A variety of nalewkas in various stages of preparation.

Nalewka (IPA: [nalɛfka]) is a traditional Polish category of alcoholic beverage.[1] Similar to medicinal tinctures,[2] it is usually 40 to 45% strong (though some could be as strong as 75%)[3], and is made by maceration of various ingredients in alcohol, usually vodka or spirit. Among the ingredients often used are fruits, herbs, spice, sugar or molasses.[2] The name nalewka is currently being registered for national appellation within the European Union.[4][2] Contrary to ordinary liqueurs, nalewkas are usually aged.[4][5]

The name is also misleadingly used for a variety of alcoholic cocktails sold in Poland, usually of low quality and low content of alcohol (not greater than 18%). It could also be confused with its false friend cognate, Eastern European nalivka (Russian, Ukrainian: наливка), popular in Russia at least since 19th century,[6][7] yet much weaker (usually containing not more than 18-20% of alcohol), not aged,[8] and containing citric acid as one of the main ingredients.[9] The proper name for a Russian analogue of a Polish nalewka would be nastoika (Russian: настойка, Ukrainian: настоянка, literally, tincture).[10]



The colour of coffee-based nalewka after three years of aging, half of that time in a wooden barrel.

Most nalewkas have their proper name derived either from their main ingredient or from the name of their traditional place of production. The recipes for nalewkas were at times kept secret by some of the szlachta families, and they were only given to the senior children upon the death of the father.[2] Common ingredients of nalewkas are fruits, herbs, spices, coffee, honey, sugar, and molasses. Some examples of ingredients:


1.^ Technically some varieties of gin are also nalewkas.[3]


  1. ^ (Polish) Lucyna Ćwierczakiewiczowa (1858). Jedyne praktyczne przepisy.... Warsaw, Gebethner i Wolff. p. 264. ISBN 83-7386-071-1 (reed.).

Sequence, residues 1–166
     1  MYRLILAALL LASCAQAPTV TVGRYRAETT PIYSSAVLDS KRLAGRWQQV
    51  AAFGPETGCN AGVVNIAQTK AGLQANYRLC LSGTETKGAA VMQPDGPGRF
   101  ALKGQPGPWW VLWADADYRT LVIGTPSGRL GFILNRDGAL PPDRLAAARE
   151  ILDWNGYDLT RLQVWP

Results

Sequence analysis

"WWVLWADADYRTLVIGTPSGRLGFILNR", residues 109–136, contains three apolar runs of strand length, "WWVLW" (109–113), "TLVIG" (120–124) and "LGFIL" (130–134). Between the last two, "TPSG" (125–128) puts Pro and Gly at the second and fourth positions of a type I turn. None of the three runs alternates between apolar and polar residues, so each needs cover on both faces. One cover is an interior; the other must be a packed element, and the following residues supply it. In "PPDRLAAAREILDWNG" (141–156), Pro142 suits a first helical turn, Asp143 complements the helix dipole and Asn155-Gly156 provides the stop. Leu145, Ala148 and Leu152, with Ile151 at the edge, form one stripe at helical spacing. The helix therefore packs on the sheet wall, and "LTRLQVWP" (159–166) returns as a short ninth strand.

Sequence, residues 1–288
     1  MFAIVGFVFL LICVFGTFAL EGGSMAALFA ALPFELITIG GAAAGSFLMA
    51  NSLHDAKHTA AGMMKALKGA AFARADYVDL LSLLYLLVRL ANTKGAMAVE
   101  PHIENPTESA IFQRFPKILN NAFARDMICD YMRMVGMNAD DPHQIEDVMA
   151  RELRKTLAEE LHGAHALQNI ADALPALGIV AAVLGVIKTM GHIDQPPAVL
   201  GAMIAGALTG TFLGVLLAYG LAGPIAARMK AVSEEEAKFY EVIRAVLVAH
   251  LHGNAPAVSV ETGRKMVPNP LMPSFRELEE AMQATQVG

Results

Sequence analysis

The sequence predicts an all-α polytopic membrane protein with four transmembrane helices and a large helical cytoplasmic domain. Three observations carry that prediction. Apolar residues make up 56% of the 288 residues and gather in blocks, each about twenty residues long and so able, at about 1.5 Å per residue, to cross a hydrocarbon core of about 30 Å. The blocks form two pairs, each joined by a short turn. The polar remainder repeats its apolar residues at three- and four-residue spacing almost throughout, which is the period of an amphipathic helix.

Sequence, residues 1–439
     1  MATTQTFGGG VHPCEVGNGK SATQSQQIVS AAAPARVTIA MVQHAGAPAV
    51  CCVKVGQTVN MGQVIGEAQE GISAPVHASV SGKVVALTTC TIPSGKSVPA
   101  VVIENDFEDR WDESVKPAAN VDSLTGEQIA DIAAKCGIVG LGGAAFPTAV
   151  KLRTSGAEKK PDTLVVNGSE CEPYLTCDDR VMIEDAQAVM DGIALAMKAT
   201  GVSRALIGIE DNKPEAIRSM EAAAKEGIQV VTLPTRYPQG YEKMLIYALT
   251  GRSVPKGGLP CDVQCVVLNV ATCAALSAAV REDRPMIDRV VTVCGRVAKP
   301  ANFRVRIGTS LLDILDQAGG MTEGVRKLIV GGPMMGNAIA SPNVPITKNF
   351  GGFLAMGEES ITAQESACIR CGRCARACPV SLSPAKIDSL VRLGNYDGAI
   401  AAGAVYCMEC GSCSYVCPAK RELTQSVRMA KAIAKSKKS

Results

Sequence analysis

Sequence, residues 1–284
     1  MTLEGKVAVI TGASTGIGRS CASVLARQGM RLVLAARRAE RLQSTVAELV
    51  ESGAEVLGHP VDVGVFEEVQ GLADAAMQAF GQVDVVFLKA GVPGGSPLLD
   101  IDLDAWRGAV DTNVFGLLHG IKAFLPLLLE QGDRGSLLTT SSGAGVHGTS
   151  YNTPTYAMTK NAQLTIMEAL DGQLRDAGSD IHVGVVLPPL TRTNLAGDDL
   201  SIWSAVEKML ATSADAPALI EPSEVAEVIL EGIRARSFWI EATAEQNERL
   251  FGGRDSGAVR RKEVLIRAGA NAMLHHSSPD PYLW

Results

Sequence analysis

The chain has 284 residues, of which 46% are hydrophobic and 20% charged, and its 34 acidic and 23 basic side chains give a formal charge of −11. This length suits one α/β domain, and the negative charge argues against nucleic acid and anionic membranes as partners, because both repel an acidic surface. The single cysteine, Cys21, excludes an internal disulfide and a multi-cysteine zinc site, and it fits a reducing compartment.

2. ^ a b c d (Polish) Jan Rogala (2003). Nalewki zdrowotne, czyli 102 przepisy na alkohol który wspomaga organizm. Warsaw, Baobab. p. 108. ISBN 83-89642-00-X. 
  3. ^ a b (Polish) Grzegorz Russak. "Nalewki staropolskie – chluba przeszłości, nadzieja przyszłości". Krefeld: Polonia Świata. Retrieved 2006-07-10. 
  4. ^ a b (Polish) Zdzisław T. Nowicki (2002). Domowe piwa, cydry, wina, nalewki, likiery i kremy. Gdynia, Galion. p. 324. ISBN 83-909329-3-8. 
  5. ^ (Polish) Jan Makosiński (1911). Przepisy do przyrządzania wódek, rozolisów, rumów, araków, likierów, cognaców, esencyi ponczowych, krupników i grogu. Kraków-Kielce, Avis. p. 43. 
  6. ^ (English) John Frederick Erdmann (1825). "Manners and Customs of the Russians in the Government of Kasan". The cabinet of foreign voyages and travels. London: Treuttel & Würtz. pp. 81. 
  7. ^ (Russian) "Наливка". Brockhaus and Efron Encyclopedic Dictionary. Leipzig-St. Petersburg: Brockhaus and Efron. 1890-1906. Retrieved 2011-01-16. 
  8. ^ (Russian) "Наливка". Great Soviet Encyclopedia (III ed.). Moscow: Sovetskaya Entsiklopediya. 1969-1978. Retrieved 2011-01-16. 
  9. ^ (Russian) "Наливка". Российский гуманитарный энциклопедический словарь. 2 (I ed.). St. Petersburg: Гуманитарный издательский центр ВЛАДОС. 2002. ISBN 5-8465-0021-8. Retrieved 2011-01-16. 
  10. ^ (Russian) "Настойка". Малый Академический Словарь русского языка. 2 (IV ed.). Moscow: RAS Linguistic Studies Institute, Poligrafresursy. 1999. Retrieved 2011-02-14. 

See also

External links

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